Applied Science - Built Environment (4)
Pre Lab


Students use a worksheet to study Morse code

  • Investigating how a telegraph works.
  • Exploring communications.


  • telegraph
  • transmit
  • worksheet
  • telegraph model 


The telegraph is one of the earliest uses of the electromagnet. This unit is in "built environment" because the series of experiments that are discussed below have changed how humans interact. Emphasize that these are relatively recent developments. Telegraphy is a communication system using the medium of electromagnetic phenomena. Information is transmitted in written, printed, or pictorial form. Facsimile Transmission (FAX) is a form of telegraphy. The use of FAX machines have increased within the last decade years due to improved telephone "fiber optic" wires. The fax machine converts the image into light pulses, which is send through fiber optic wire. The receiving fax machine then decodes the pulses of light into a copy of the document on a photosensitive paper. The facsimile was first outlined in a British patent of Alexander Bain in 1843. The high information density that can be carried telegraphically and the importance of the printed record provides a service that cannot be given by the telephone.

In England in 1747, Sir William Watson, demonstrated that an electric current could be transmitted through wire. However, Samuel Morse (1791 - 1872) is credited with the invention of the useable telegraph and the Morse code. This invention helped communication developed into the industry that is used today. In 1843, the first telegraph in the U.S. was installed from Baltimore to Washington. The first message was "What hath God Wrought". The Morse code is a series a dashes (long) and dots (short) signals, that basically represents a break in a circuit. The evolution of the telegraph technology we have today included many different designs. Impress upon your students that even after an invention is made, the product must be constantly revised to create a better product.

Another inventor, Guglielmo Marconi (1874 -1937), was the inventor of radiotelegraphy. In 1900, Marconi filed his famous patent No. 7777 which used a transmitter to transmit signals without a wire. It was commonly called the "wireless" telegraph. It concentrated electrical energy into a beam, so it could travel over long distances. This invention allowed transmission of information over long distances without expensive cable. Europe could now send messages to America. The communication revolution began.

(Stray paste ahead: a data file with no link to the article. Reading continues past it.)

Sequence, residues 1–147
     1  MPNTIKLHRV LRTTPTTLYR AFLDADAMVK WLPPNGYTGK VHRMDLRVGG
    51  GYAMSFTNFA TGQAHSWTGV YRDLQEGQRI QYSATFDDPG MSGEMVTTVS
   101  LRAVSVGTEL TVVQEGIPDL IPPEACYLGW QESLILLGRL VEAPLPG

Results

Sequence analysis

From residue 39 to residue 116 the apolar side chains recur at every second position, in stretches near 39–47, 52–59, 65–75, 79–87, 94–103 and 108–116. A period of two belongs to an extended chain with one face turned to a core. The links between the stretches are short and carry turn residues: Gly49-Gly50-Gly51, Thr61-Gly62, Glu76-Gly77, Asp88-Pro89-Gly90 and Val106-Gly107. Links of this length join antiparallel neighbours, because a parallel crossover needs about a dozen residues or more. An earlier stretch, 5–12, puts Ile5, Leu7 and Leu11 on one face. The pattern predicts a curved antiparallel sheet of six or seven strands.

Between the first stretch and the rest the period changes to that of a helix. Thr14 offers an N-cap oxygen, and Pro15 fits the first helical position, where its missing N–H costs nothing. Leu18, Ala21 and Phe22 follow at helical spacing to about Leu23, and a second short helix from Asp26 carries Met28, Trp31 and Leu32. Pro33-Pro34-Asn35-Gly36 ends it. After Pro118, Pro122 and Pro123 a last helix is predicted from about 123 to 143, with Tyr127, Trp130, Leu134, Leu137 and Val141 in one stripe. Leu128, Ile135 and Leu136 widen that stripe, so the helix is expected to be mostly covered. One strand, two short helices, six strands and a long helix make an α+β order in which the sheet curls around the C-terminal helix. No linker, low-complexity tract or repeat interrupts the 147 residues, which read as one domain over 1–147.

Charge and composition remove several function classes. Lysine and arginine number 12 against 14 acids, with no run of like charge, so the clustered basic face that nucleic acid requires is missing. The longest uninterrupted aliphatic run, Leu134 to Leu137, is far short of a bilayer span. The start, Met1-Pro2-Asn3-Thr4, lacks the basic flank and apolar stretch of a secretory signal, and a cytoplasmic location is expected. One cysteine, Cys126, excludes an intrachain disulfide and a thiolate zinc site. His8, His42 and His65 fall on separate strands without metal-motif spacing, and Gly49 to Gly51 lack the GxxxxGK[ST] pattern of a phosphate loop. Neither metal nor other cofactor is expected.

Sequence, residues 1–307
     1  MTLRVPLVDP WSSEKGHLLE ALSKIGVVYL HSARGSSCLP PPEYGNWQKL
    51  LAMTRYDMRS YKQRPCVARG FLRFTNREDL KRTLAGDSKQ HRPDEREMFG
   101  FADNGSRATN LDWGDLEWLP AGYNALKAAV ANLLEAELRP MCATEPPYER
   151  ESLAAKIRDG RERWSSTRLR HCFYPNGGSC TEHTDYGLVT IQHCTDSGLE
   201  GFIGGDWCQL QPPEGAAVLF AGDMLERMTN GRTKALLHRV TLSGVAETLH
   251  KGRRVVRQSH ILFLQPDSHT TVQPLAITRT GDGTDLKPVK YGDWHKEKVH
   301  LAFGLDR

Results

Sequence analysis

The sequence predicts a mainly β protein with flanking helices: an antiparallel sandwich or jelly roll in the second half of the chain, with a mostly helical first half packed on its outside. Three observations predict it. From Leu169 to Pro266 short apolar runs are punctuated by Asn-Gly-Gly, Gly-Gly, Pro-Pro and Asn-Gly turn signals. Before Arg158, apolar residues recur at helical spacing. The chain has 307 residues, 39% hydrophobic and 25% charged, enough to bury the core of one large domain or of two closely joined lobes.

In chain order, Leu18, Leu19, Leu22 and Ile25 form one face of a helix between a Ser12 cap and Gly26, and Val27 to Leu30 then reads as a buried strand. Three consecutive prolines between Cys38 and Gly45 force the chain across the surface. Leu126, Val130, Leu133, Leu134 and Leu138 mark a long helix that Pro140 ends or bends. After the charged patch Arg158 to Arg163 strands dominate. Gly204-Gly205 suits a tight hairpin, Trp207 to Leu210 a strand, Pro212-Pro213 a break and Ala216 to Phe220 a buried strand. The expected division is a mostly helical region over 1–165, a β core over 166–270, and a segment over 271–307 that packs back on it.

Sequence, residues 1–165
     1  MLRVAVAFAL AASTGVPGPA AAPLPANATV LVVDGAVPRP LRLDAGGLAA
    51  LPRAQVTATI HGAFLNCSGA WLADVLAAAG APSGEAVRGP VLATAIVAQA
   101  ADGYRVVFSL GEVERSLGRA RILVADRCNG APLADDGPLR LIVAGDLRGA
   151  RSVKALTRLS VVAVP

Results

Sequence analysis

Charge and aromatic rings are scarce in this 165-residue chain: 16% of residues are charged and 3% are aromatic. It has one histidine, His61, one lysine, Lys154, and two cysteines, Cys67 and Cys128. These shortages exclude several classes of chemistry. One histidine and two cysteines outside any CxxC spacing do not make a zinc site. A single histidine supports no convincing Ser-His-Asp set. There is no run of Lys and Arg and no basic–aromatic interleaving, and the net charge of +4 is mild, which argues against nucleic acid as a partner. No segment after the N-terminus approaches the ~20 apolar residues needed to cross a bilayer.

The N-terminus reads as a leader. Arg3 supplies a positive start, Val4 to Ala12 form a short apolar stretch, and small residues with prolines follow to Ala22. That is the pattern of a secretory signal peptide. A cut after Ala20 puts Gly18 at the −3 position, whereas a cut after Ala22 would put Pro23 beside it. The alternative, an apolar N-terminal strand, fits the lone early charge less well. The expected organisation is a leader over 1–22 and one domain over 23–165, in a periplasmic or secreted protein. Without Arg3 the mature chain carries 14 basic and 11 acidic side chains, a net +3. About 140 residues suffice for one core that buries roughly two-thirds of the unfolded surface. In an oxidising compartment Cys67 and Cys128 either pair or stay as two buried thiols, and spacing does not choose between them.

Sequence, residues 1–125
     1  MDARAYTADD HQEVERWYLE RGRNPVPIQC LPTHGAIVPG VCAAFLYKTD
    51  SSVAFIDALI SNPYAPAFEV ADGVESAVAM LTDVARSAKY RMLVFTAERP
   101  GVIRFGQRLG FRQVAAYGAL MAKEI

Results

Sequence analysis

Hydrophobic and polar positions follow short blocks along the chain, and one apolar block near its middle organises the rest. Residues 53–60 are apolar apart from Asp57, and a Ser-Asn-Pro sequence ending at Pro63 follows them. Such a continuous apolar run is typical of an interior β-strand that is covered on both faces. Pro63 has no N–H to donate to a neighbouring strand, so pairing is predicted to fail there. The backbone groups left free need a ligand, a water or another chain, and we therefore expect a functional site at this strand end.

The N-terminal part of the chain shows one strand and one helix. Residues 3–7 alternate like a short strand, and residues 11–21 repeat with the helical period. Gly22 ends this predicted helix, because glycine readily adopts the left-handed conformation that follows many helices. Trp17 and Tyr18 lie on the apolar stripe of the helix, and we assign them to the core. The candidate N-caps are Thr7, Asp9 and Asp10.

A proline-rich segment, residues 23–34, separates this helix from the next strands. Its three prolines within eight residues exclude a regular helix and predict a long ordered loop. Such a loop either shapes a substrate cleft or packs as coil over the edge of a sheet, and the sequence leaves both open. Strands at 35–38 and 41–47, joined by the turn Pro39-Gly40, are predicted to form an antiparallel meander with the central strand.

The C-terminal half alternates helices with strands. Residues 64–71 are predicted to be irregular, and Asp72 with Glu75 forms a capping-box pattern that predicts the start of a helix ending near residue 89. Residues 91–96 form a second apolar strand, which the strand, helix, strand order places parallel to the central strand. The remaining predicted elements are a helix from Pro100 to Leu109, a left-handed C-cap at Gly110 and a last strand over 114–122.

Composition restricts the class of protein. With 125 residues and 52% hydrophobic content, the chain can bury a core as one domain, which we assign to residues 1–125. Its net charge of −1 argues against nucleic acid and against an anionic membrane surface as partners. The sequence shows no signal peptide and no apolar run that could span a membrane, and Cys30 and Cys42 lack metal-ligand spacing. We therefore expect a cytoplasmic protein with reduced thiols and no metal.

1. The Morse Code is enclosed on the worksheet. Have students create some messages on a paper. The elementary telegraph circuit consists of a key that makes and breaks the connection between a source of current and the line according to the signaling code and the pulses of current passing through the line.
  2. Use the information below to create a model of a telegraph. Demonstrate how it is used. It is difficult for students to make their own because of the use of the electromagnetic, but the demonstration will help students recognize the use of the electromagnet.

steel nail (about 8 cm long)
300 cm of insulated copper wire
battery with total of 6 volts
7 metal (steel) thumbtack

Make an electromagnet from the nail by winding wire around the nail. Hammer this nail with the wire around it into the center of a soft piece of wood, about 10 cm by 25 cm. Fasten the two wires that come from the electromagnet to the board by means of thumbtacks as shown in the diagram. Push another thumbtack about 3 mm from one edge of a strip of cardboard that measures about 4 cm by 8 cm, and bend the pin over to keep it from falling out. Fasten the other end of this cardboard strip with another thumbtack to a piece of wood which is about 3 mm higher than the head of the nail. Fasten this smaller piece of wood (which now has the cardboard with the tack on it) to the larger strip so that the head of the independent thumb tack faces the nail head and is about 3 cm above it. The telegraph sounder is complete.

Connect the switch and battery to the telegraph sounder. When you press the switch, you close the circuit and allow current to flow from the battery through the electromagnet. The thumbtack, as it is made of magnetic material will now be attracted to the head of the nail. When this happens, you will hear a click. As soon as you release the switch, the thumbtack will snap back. Push the switch once more, and the tack will come down again with a click. The telegraph is now working!

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